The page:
Then this specialist who wanted to measure “learning loss” reinforced the notion that the collection of national data would enable the federal government and the states to invest in the schools where children are farthest behind. Advocates for standardized testing this spring often justify the need for testing during the pandemic as a way to drive investment in schools, as though investing in schools where children are farther behind has ever been the result of our regime of standardized testing. Anybody who has been paying attention over the past two decades since NCLB mandated annual standardized testing knows that aggregate test scores have not once—federally or at the state level—driven added funding to the schools where students’ scores are low.

The whole regime has been correctly called “test-and-punish” because NCLB prescribed sanctions for so-called failing schools and the states have adopted the same responses: add charter school choice in so called “failing” school districts; make students in so-called “failing” schools eligible for vouchers for private school tuition; close so-called “failing” schools and relocate the students; take over the so-called “failing” school districts in Detroit or Newark or Philadelphia or Chester Upland or Lorain or Youngstown or East Cleveland and put a state-appointed overseer in charge.

Title I is an important national program providing federal compensatory funding for school districts serving concentrations of poor children, but if he can bring Congress along, President Biden has already promised to triple funding for this federal program which has long been underfunded despite two decades of standardized testing which have clearly identified Title I schools as places desperately in need of greater investment.  During the presidential campaign last year, Biden identified the need for more money in the same school districts where families have been devastated by COVID-19: “There’s an estimated $23 billion annual funding gap between white and non-white school districts today, and gaps persist between high- and low-income districts as well.”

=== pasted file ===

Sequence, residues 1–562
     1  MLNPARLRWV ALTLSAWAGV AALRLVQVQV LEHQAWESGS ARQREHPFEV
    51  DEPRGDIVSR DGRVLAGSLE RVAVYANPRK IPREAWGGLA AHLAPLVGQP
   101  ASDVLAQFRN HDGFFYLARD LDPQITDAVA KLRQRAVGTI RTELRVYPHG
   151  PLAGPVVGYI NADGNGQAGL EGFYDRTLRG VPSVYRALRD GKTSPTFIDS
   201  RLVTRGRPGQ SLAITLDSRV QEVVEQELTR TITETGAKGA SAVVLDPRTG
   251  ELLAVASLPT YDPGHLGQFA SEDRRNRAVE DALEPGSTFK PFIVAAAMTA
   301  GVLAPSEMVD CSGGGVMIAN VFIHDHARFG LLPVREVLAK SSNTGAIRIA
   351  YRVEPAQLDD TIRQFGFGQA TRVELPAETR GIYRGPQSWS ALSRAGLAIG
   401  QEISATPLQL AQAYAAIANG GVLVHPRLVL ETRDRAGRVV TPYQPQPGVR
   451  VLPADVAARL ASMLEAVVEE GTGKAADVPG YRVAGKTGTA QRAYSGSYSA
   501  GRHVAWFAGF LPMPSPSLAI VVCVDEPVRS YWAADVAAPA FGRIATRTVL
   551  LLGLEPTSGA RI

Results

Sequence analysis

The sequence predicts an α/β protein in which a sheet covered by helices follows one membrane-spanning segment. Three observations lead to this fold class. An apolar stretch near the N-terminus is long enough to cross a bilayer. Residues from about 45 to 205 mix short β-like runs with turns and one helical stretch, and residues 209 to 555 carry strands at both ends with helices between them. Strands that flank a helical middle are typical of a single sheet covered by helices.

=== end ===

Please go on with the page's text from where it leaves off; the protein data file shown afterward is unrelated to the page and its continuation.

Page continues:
Seventy-four education advocacy groups and over 10,000 individuals wrote a letter to the incoming education secretary to demand that he grant states waivers to cancel the NCLB/ESSA mandated testing.  One sentence in that letter stood out for me: “To believe that it is impossible for teachers to identify and address learning gaps without a standardized test is to have a breathtaking lack of faith in our nation’s teachers.”

I worry that many people do lack faith in schoolteachers, because I believe that most people lack any understanding of what teachers do.